Sitting on Santa's lap in a busy mall and telling him your Christmas wish list, while parents hover and snap pictures is a holiday tradition, but many children with Autism Spectrum Disorder never get the chance.
The mall can be too overwhelming.
But The Mall at Johnson City has something to help kids with special needs and made some Christmas magic Sunday morning.
Without music or shoppers, the mall is quiet except for one sound. Laughter.
Some here have Autism or a family member with the disorder, but they are all paying a visit to Santa.
Seoc O'Brien's has Asbergers. He got to read his Christmas list to Santa. "Bass guitar, tam and drum set, video creeper and steve," said O'Brien.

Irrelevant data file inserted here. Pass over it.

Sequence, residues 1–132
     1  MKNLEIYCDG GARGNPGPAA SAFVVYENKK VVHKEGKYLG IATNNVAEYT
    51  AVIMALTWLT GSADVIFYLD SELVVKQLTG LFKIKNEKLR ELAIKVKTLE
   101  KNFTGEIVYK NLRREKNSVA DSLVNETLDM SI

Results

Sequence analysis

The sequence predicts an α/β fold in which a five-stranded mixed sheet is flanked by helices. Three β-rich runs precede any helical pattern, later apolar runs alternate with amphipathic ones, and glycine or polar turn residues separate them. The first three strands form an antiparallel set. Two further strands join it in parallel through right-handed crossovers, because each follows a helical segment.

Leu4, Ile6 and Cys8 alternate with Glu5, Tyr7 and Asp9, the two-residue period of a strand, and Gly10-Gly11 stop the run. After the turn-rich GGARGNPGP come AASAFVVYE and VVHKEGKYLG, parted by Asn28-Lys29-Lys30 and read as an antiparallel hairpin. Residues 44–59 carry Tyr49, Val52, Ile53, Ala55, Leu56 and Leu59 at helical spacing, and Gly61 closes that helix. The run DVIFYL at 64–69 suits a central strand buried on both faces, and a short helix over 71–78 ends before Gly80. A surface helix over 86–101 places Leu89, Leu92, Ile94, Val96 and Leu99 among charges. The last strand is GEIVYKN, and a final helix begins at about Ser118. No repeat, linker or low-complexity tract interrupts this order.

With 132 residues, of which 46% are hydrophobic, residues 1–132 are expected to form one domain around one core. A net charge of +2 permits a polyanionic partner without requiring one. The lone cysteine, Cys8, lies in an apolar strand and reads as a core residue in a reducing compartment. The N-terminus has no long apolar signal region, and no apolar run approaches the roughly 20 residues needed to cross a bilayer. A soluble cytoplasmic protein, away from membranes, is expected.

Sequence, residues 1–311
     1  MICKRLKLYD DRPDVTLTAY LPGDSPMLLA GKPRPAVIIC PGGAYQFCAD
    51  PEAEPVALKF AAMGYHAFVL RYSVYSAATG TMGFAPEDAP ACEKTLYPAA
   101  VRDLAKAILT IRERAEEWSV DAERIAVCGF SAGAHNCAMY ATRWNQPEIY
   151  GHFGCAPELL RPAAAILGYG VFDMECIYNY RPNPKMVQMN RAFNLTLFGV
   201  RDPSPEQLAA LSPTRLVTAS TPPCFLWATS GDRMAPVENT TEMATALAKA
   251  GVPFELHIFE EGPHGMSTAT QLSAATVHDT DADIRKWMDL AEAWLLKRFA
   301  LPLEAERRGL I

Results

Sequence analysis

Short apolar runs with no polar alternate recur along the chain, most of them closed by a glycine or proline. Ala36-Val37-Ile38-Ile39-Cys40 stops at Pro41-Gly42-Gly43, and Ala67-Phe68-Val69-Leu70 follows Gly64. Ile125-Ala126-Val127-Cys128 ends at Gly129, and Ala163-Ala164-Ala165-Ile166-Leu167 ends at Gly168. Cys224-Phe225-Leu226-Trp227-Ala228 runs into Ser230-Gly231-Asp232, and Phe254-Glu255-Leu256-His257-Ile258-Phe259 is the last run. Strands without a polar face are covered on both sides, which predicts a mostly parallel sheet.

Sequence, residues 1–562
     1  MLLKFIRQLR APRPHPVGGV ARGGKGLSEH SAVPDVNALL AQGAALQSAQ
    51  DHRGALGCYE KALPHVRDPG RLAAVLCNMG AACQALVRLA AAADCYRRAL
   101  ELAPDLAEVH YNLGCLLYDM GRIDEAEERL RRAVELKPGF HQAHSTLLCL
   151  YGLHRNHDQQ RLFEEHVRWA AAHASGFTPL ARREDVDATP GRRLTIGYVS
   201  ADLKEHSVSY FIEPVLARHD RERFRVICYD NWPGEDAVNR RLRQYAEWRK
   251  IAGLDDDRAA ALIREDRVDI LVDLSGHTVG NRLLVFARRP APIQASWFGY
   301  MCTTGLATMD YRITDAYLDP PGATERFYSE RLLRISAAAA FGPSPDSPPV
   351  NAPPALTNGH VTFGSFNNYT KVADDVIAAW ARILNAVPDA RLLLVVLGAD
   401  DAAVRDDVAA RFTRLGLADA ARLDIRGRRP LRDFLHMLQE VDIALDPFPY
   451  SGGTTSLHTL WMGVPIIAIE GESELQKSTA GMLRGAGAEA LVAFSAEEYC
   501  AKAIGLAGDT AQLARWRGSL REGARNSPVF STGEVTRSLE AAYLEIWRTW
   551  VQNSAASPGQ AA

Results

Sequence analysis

Occupational therapist Rosellen Ryals works with many of these children at her clinic.
She said this is the first time some of them will meet Santa.
"Some noises are too high. It's almost like having a fire alarm going off all the time," said Ryals.
So the mall has turned off the music and flashing Christmas lights for a couple of hours.
"This is one of the few things we can participate in as an autistic family and be able to enjoy and not have the stress of 'is it going to build up too much anxiety,''said Libby Thebian, mother of a 10-year-old boy with Autism. "We get to come and just have the childhood memories of being with Santa."
This is the fifth year The Mall at Johnson City has held the program.